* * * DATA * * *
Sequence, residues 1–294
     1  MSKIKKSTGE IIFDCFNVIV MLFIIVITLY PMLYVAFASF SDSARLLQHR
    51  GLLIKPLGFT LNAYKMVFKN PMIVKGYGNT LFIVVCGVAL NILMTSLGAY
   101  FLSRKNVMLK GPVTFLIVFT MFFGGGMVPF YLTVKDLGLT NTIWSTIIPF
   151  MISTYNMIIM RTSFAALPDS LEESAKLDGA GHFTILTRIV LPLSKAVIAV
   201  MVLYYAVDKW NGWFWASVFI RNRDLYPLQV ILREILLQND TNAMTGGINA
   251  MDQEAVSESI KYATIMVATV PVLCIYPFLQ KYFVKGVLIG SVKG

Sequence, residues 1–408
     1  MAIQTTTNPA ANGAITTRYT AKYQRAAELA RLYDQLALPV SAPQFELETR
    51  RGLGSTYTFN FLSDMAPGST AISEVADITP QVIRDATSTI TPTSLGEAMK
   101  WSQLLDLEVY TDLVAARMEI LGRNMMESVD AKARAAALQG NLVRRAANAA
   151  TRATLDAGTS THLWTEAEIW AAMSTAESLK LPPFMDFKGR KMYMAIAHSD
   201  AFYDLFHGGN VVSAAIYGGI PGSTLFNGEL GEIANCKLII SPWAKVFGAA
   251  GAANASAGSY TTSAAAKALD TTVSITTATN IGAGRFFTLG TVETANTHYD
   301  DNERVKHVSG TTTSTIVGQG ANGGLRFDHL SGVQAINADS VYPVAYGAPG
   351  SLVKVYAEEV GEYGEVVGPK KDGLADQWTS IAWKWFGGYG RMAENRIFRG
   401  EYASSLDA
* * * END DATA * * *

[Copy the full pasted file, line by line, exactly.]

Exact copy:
Sequence, residues 1–294
     1  MSKIKKSTGE IIFDCFNVIV MLFIIVITLY PMLYVAFASF SDSARLLQHR
    51  GLLIKPLGFT LNAYKMVFKN PMIVKGYGNT LFIVVCGVAL NILMTSLGAY
   101  FLSRKNVMLK GPVTFLIVFT MFFGGGMVPF YLTVKDLGLT NTIWSTIIPF
   151  MISTYNMIIM RTSFAALPDS LEESAKLDGA GHFTILTRIV LPLSKAVIAV
   201  MVLYYAVDKW NGWFWASVFI RNRDLYPLQV ILREILLQND TNAMTGGINA
   251  MDQEAVSESI KYATIMVATV PVLCIYPFLQ KYFVKGVLIG SVKG

Sequence, residues 1–408
     1  MAIQTTTNPA ANGAITTRYT AKYQRAAELA RLYDQLALPV SAPQFELETR
    51  RGLGSTYTFN FLSDMAPGST AISEVADITP QVIRDATSTI TPTSLGEAMK
   101  WSQLLDLEVY TDLVAARMEI LGRNMMESVD AKARAAALQG NLVRRAANAA
   151  TRATLDAGTS THLWTEAEIW AAMSTAESLK LPPFMDFKGR KMYMAIAHSD
   201  AFYDLFHGGN VVSAAIYGGI PGSTLFNGEL GEIANCKLII SPWAKVFGAA
   251  GAANASAGSY TTSAAAKALD TTVSITTATN IGAGRFFTLG TVETANTHYD
   301  DNERVKHVSG TTTSTIVGQG ANGGLRFDHL SGVQAINADS VYPVAYGAPG
   351  SLVKVYAEEV GEYGEVVGPK KDGLADQWTS IAWKWFGGYG RMAENRIFRG
   401  EYASSLDA